Podcasts & RSS Feeds
Most Active Stories
- State's Paying Interest On 2011 Past Due Wages; May Finally Pay Up
- Beautiful Book Pairs Felicia Olin's Art & Vachel Lindsay's Poetry
- The Players: Inspector General's Push For Public Reports Stalls
- Plan That Would Allow Ex-Felons To Work In Schools Gets Support From Conservatives
- Listen to State Week - April 10, 2015
Affordable Care Act
Mon March 24, 2014
Young People, Medicaid Concerns As Obamacare Deadline Looms
With one week left to sign up for the Affordable Care Act, Illinois' enrollment numbers are on track to meet their goals. But, many newly covered Illinoisans aren't actually buying private insurance.
About 114,000 people in Illinois have bought insurance under Obamacare. But 200,000 more have been signed up for Medicaid, the state's healthcare program for the poor.
Although the number of Medicaid enrollees is larger than the pool of people who've bought insurance, officials say they're not worried.
Brian Gorman, with Get Covered Illinois, says the state on target to meet its goal of 143,000 people buying coverage off the exchange. He basically says the rest is just gravy.
"Some folks may be eligible for Medicaid," he said. "And other individuals may be eligible for marketplace with subsidies. We make no differentiation. Coverage is coverage."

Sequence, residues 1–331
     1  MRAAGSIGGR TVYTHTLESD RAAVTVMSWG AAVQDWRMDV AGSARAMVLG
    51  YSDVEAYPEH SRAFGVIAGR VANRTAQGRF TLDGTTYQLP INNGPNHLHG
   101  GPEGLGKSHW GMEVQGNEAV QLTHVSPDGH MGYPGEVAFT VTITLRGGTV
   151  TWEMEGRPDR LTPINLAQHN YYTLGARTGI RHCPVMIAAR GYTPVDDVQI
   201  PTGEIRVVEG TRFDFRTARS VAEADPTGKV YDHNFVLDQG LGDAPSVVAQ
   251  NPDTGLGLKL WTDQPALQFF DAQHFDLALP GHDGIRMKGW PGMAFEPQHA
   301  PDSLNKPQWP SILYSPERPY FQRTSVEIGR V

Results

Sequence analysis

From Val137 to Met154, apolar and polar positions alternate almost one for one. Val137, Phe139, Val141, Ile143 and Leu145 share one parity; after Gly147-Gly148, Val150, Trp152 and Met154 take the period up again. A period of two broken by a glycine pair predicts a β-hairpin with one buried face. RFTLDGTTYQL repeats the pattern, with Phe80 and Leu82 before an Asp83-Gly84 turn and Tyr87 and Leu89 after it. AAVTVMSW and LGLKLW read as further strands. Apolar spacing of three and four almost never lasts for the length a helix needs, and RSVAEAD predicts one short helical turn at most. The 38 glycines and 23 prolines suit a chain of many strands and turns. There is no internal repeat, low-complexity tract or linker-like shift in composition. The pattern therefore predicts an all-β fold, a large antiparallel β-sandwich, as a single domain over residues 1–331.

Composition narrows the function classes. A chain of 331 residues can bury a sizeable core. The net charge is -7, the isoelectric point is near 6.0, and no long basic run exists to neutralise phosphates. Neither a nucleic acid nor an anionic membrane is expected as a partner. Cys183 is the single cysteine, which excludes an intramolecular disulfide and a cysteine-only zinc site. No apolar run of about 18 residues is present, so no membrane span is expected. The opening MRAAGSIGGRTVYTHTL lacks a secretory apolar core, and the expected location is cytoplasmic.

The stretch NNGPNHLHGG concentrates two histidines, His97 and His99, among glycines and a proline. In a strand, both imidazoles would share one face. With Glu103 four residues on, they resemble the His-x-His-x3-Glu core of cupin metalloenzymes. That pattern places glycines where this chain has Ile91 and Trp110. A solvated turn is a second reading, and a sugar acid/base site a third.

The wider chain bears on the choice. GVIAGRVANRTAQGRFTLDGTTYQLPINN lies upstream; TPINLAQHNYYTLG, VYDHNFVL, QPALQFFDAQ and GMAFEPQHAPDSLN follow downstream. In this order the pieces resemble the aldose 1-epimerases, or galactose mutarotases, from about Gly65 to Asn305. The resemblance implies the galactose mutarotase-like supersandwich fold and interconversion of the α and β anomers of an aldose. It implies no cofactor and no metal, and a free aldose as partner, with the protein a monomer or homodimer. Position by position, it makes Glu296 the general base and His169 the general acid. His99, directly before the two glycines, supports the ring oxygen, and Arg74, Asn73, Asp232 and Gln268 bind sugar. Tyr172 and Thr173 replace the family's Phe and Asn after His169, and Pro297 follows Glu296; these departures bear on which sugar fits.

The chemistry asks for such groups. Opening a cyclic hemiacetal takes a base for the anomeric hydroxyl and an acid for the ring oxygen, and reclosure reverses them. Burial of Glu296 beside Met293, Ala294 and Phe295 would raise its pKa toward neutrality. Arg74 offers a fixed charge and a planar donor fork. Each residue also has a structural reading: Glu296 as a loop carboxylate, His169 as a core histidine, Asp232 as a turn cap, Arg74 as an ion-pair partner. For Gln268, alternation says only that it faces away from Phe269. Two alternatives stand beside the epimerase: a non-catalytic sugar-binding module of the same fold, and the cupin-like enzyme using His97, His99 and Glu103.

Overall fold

Many of these enrollees are childless adults, who are newly eligible for Medicaid under the Affordable Care Act.
A number of Republicans in the General Assembly, however, worry that Medicaid has already gotten too big and want to roll it back. Though Medicaid is Illinois' largest single expense, the Federal government is paying for the initial expansion in full.
Another concern policywatchers have — on both sides of the aisle — is that not enough young, healthy people will sign up for coverage. These so-called "young invincibles" were thought of as a hard-to-reach group, but Gorman says he's found the answer in an online-focused marketing campaign.
He says recent partnerships with satirical media outlet The Onion and ads for the internet music player Pandora help reach young people where they are: on their smartphones and computers.
And from these online outreaches, Gorman says he's had to unlearn what he called a common misconception: that this demographic doesn't want health coverage.
"There is this belief that somehow young people don't either want insurance, they feel they don't need insurance," he said. "And what we have found (and we were operating under the assumption) is that that's really not the case. The barrier for young people 18-34 is not that they don't want coverage, it's that they couldn't afford it."
For those who sign up for healthcare on the exchange in the next week, their coverage will begin on May first. The next open enrollment period for Obamacare starts mid-November.
Affordable Care Act